OneDrive for Business comes as part of Office 365, and while it sounds like its a separate product, it's really just SharePoint Online as the backend. As an administrator, there may be some settings you would like to control when rolling out ODfB to your end users. Some of these features can be applied from the GUI and as a global setting, but others need to be administered on a site by site basis. I think you know what's coming next... PowerShell to the rescue.
As I said ODfB is a SharePoint site, specifically a MySite. The site has a Document library called documents. The site admin is the owner of the ODfB, so they have access to all the site settings. This means that any changes you make at the site level can be reversed by the site admin, and Microsoft does not support removing site admin privileges from the owner. So the good news is that you can change settings programatically on the back-end. The bad news is that users can alter your desired settings if they want to, even though most users wouldn't even know where to go to do it.
With that disclaimer out of the way, there are some settings that end users can't change. Data Loss Prevention settings can be applied to a group of ODfB sites or all ODfB sites. That can be set from the Compliance Center in Office 365 and applies to current and newly created sites. Preservation policies can be applied from the portal as well, but only to existing sites. There is no way to set a default preservation policy for all ODfB sites. Both DLP and preservation policies cannot be changed by the end user, so once it's set up you can rest easy.
Versioning and Information Rights Management (IRM) settings are applied at the site library level, and as such can be changed by the end user. There is also no way of applying a default group of settings to all existing sites from the portal, unless you count going to each site individually and manually editing the sites.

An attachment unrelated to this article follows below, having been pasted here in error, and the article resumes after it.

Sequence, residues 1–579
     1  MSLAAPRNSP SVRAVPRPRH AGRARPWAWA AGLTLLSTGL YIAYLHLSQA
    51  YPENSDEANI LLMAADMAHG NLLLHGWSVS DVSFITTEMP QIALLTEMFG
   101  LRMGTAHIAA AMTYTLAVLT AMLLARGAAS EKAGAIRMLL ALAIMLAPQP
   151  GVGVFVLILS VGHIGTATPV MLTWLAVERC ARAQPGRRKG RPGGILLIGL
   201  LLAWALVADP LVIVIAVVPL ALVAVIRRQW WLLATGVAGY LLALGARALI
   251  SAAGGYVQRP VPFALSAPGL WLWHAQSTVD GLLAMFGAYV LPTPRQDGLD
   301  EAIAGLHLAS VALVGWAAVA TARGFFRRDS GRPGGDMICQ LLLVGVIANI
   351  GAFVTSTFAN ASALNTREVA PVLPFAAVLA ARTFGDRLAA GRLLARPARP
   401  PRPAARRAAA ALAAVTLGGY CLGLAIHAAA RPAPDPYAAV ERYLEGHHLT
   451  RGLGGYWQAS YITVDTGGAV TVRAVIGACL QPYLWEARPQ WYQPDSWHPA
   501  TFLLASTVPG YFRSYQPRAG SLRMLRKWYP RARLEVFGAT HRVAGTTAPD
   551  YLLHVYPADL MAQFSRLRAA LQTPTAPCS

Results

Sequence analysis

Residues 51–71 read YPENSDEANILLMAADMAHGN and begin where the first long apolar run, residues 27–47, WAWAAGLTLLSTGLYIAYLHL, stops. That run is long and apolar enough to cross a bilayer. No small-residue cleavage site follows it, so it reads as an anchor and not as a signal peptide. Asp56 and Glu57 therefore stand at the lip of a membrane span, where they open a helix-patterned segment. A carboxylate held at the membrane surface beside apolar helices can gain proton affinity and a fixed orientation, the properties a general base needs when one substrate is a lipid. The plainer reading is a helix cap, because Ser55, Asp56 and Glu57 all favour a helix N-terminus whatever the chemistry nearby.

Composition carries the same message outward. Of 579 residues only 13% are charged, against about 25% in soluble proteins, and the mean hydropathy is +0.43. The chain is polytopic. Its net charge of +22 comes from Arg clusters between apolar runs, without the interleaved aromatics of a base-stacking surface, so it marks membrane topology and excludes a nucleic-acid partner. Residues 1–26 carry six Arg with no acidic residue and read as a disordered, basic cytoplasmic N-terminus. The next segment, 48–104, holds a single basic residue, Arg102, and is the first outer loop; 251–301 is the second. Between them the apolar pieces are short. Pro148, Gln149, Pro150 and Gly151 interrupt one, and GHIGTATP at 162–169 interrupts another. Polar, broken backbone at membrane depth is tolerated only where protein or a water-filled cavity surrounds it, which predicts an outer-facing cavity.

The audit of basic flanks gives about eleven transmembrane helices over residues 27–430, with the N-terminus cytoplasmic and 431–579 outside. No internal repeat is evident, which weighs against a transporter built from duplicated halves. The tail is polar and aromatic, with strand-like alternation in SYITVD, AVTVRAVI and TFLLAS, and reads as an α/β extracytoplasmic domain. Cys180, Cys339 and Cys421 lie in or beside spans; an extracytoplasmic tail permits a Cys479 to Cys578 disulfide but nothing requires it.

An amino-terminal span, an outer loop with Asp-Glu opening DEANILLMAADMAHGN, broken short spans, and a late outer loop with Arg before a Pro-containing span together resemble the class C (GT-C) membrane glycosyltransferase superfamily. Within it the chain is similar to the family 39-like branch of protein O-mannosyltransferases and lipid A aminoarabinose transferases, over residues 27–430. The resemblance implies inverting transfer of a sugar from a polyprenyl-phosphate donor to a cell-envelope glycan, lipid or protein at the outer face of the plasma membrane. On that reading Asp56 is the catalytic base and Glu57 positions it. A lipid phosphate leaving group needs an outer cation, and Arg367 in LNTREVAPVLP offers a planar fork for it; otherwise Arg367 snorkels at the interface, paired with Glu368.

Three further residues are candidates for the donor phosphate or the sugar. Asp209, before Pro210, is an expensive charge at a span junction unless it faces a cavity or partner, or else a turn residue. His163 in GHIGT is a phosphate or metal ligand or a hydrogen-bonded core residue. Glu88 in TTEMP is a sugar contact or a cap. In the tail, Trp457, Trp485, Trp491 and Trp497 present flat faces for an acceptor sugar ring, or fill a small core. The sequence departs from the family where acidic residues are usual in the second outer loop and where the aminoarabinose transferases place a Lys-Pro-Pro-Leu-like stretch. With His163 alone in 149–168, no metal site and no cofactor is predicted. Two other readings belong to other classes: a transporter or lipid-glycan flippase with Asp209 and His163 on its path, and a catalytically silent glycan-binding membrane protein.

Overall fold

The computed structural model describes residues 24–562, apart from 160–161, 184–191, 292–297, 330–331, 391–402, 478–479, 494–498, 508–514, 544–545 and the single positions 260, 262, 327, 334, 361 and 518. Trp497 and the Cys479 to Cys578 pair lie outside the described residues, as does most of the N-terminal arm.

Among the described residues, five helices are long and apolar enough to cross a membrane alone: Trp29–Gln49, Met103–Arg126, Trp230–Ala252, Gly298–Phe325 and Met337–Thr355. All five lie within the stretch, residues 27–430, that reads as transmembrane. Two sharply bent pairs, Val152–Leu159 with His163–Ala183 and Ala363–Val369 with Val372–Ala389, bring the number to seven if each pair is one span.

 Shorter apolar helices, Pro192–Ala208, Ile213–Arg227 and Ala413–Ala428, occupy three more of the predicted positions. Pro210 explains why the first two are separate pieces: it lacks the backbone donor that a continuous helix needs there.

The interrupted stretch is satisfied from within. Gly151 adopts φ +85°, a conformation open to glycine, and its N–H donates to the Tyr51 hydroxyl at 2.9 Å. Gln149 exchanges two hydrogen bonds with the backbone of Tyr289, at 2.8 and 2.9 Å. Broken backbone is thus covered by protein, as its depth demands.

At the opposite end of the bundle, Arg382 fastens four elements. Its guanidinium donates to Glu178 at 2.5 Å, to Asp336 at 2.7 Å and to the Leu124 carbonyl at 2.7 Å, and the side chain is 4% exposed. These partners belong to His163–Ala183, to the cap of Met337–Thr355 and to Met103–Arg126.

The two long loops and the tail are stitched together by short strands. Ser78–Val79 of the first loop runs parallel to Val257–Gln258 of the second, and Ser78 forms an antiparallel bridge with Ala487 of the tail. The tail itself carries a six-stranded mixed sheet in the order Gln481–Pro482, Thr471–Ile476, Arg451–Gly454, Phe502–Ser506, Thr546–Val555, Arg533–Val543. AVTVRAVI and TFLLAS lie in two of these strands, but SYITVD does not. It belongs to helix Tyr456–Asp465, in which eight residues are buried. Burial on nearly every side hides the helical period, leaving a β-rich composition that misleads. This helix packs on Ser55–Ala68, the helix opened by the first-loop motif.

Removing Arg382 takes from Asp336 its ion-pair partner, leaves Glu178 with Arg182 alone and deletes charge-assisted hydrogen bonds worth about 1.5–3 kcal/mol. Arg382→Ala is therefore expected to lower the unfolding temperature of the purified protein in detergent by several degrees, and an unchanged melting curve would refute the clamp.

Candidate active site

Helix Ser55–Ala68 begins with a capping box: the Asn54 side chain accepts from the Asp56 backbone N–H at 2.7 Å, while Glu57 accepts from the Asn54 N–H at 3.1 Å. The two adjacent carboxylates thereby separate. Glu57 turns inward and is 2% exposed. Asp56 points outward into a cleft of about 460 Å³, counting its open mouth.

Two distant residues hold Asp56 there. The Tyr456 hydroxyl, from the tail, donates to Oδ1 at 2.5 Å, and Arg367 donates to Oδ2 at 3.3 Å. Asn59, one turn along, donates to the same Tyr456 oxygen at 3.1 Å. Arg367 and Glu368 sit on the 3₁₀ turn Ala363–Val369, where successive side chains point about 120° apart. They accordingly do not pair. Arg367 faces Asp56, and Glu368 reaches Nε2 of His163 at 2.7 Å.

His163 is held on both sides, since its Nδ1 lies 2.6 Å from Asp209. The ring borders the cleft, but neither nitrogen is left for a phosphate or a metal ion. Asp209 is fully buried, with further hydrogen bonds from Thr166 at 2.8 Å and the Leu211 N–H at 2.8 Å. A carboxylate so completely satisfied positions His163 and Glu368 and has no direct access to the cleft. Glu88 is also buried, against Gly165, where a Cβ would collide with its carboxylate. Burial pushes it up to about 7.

I wrote the script below with the help of examples from TechNet, especially the portions that used the Client Side Object Model (CSOM), which I had never even heard of before.
The script has a number of different functions that can be used together or independently. Before using, you will need to fill out the Declarations section with your desired settings. The script leverages encrypted credentials using an AES key. The creation process and encryption of credentials is covered in the notes. As I said, the preservation policies only need to be set once. The versioning and IRM should be checked periodically and reset to the desired state. Hopefully, Microsoft will provide administrators the power to set defaults and restrict owners from editing certain settings. The script will require that you install the SharePoint Online SDK
and Management Shell
. Let me know what you think, and if you find any bugs! In future versions, I plan to move the settings to a configuration file and add some logic for creating the stored credential on the fly. I would also like to expand the settings for application.
Labels: office 365, onedrive for business, powershell, scripting, sharepoint online